An organization must have one or more specific purposes to qualify as tax-exempt.
A 501(c)(3) organization (also known as a public charity) is one that is organized and operated exclusively for purposes that are:
• Testing for public safety
• Literary or educational
• Designed to foster national or international amateur sports competition, or
• For the prevention of cruelty to children or animals.
There are many kinds of organizations that fall under these categories. For example, organizations that provide relief to the poor, distressed or underprivileged; those that lessen neighborhood tensions; or those that defend human and civil rights usually qualify as charitable organizations. Educational organizations can be schools, museums, symphony orchestras, training for the unemployed, dance classes, and zoos.
Apply for an EIN
The first step is to apply for an EIN, there are a number of ways you can apply for an EIN. The fastest is to go to the IRS website or call our toll-free number and get an EIN you can use immediately. You can also fax your Form SS-4, Application for Employer Identification Number, and you’ll receive your EIN within 4 business days. or do it the old-fashioned way by completing Form SS-4 using the form’s instructions and mailing it to:
Internal Revenue Service Center
Attn: EIN Operation
Cincinnati, OH 45999
Visit the IRS website for more information
Next, you’ll need to gather your organizing documents. An organization can’t qualify for exempt status without an organizing document. To qualify for exemption under Section 501(c)(3), the organizing document must contain three provisions.Sample-Organizing-Documents2021-1
By-laws are an organization’s internal operating rules. Federal tax law
doesn’t require specific language in the by-laws of most organizations. However, state law may require you to have by-laws, so it is a good idea to contact your state to find out the specific requirements.
Organizational and Operational tests
All types of tax-exempt organizations must meet the Organizational and Operational tests
The Organizational Test is used to determine if the organization is
properly organized. To pass this test the organization must:
• Limit its purposes to one or more of the exempt purposes listed in Code section 501(c)(3)
• Not permit the organization to engage in a nonexempt activity and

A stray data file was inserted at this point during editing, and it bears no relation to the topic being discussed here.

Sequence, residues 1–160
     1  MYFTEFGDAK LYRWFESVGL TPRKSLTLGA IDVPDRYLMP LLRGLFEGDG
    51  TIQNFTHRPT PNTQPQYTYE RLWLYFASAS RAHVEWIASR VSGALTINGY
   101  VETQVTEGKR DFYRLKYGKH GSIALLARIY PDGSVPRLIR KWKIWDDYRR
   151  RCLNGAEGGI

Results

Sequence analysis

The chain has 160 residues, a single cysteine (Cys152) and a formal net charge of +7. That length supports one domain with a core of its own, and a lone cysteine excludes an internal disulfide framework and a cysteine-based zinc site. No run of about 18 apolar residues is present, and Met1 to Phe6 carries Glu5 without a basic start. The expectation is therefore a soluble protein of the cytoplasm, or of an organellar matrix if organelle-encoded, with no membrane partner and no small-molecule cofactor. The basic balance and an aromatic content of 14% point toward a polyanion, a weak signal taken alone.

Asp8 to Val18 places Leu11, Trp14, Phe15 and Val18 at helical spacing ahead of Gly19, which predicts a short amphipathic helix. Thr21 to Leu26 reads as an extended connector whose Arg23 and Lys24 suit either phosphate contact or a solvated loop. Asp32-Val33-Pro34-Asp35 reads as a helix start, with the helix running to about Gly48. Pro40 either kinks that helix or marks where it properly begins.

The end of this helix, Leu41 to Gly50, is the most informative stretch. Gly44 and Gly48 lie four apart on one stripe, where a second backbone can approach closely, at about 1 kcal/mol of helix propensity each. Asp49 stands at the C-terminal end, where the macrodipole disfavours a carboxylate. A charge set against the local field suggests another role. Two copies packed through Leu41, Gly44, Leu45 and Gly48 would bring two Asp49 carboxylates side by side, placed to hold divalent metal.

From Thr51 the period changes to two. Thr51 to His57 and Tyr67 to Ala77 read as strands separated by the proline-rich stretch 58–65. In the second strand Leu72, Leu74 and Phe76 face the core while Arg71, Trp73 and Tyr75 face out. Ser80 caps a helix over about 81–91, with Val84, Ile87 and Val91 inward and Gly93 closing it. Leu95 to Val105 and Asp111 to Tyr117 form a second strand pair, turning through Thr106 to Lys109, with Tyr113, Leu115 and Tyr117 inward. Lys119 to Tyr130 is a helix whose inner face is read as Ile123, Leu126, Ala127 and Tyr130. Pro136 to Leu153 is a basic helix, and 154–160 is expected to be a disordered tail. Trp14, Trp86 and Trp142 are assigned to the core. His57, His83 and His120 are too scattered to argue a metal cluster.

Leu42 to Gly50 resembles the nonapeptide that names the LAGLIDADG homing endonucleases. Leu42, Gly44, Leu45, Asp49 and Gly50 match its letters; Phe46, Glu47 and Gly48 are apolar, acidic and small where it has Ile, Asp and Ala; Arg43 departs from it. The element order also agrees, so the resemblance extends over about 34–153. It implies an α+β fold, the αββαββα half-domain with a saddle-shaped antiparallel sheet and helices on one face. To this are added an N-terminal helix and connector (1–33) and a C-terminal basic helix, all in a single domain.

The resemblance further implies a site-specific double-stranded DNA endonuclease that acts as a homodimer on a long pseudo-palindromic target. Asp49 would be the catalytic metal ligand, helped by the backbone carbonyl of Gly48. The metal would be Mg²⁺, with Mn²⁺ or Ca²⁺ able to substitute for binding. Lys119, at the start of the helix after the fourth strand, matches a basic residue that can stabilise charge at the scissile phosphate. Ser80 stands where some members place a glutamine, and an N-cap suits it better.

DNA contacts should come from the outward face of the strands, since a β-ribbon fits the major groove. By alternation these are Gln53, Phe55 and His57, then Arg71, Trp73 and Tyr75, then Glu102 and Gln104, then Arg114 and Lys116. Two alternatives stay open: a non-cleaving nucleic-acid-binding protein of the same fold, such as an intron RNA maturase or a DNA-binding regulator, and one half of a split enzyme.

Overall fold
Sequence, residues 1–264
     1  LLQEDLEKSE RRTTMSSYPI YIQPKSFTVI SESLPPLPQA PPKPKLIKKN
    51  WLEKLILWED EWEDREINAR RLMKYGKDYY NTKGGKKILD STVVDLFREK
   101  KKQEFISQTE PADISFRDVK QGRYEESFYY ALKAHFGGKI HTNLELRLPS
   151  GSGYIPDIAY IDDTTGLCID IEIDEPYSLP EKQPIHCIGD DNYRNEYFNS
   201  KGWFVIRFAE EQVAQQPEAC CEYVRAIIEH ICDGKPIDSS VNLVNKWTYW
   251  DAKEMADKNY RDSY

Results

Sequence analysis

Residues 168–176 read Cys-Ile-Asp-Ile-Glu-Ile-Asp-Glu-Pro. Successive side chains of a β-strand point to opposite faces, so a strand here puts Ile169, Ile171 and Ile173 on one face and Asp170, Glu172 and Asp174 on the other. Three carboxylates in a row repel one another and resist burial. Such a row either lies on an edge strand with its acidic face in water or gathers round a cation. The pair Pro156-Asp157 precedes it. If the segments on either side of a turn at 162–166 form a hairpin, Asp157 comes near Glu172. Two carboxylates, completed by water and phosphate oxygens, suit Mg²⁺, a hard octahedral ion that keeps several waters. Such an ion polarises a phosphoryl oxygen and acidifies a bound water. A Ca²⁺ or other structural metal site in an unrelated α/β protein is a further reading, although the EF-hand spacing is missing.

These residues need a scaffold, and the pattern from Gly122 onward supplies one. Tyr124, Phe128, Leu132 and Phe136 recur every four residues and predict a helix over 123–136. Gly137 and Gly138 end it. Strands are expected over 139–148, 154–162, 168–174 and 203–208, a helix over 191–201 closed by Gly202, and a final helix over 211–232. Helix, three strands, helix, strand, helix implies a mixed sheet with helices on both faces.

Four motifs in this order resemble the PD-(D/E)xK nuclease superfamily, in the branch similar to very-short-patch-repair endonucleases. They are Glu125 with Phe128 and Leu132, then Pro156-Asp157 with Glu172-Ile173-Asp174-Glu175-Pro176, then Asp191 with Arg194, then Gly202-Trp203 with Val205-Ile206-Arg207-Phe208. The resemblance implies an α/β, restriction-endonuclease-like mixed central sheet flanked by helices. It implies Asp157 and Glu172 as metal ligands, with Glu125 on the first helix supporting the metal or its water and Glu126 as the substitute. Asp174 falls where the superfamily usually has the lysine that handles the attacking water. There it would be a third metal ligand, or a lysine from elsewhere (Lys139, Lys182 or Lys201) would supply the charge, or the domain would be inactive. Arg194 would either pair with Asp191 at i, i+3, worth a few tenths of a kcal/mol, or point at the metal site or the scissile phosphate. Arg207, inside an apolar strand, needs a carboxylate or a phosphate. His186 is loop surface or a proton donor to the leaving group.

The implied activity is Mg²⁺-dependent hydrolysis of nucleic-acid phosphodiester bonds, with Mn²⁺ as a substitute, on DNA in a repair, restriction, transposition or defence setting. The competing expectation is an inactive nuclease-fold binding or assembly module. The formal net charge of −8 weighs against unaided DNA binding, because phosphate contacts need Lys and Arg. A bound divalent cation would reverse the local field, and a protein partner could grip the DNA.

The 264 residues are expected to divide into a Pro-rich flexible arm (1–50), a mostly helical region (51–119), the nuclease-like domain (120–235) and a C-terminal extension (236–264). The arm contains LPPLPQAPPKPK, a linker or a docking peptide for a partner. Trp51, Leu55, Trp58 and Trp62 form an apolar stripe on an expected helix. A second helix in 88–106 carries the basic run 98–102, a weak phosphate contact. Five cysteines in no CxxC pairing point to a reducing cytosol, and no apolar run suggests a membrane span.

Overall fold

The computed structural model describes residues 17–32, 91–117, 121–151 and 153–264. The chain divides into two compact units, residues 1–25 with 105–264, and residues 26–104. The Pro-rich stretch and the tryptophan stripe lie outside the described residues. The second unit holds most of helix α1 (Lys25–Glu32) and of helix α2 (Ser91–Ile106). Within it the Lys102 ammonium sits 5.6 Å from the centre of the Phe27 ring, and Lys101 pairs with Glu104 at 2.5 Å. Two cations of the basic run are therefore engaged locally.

• Assets of the organization must be permanently dedicated to an exempt purpose.
If you write your organizing documents correctly and include these provisions you need to have in your organizing documents, this test will be easy to pass.
The Operational Test
The operational test covers how your organization is actually operated. To pass the operational test, your organization must show that its principal activities will be to further its exempt purposes. Conversely, your organization has to limit the participation in certain kinds of
activities and absolutely refrain from others.
Though this test is conducted when you’re first applying for tax-exempt status, if the balance of your activities gets out of line after you receive your status, or your organization engages in prohibited activities, you can lose your tax-exempt status and be subject to both taxes and penalties.
Some prohibited activities including intervening in political campaigns.
If your organization openly endorses a candidate, that’s a prohibited activity. There are many other kinds of political (and other) activities that aren’t allowed which could possibly jeopardize your tax-exempt status such as unrelated business income, required discourses, and employment issues.
Public Charity versus Private Foundation
• Organizations providing medical or hospital care (including medical education and research)
Other Public Charities
• Organizations that receive significant public support
• Organizations that provide support to other public charities.
When an entity qualifies as a tax-exempt organization, the IRS presumes
it’s a private foundation unless it can show that it’s a public charity.
The main difference between a public charity and a private foundation is where the money comes from. Generally, a public charity has a broad base of support while a private foundation has very limited sources of support. There are also different tax rules – so, for example, public foundations are subject to excise taxes that aren’t imposed on public charities. There are more differences – there are more difference but for now, I will focus on public charities.
Some organizations automatically qualify as public charities based on the Code, so they’re called Statutory Public Charities. Some examples are churches, schools, and organizations providing medical or hospital care (including medical education and research).
These organizations still have to pass the Operational and Organizational tests. Or, if your organization receives significant public support or it provides support to other public charities, you may qualify that way. Otherwise, you’ll have to demonstrate you are a public charity by other means.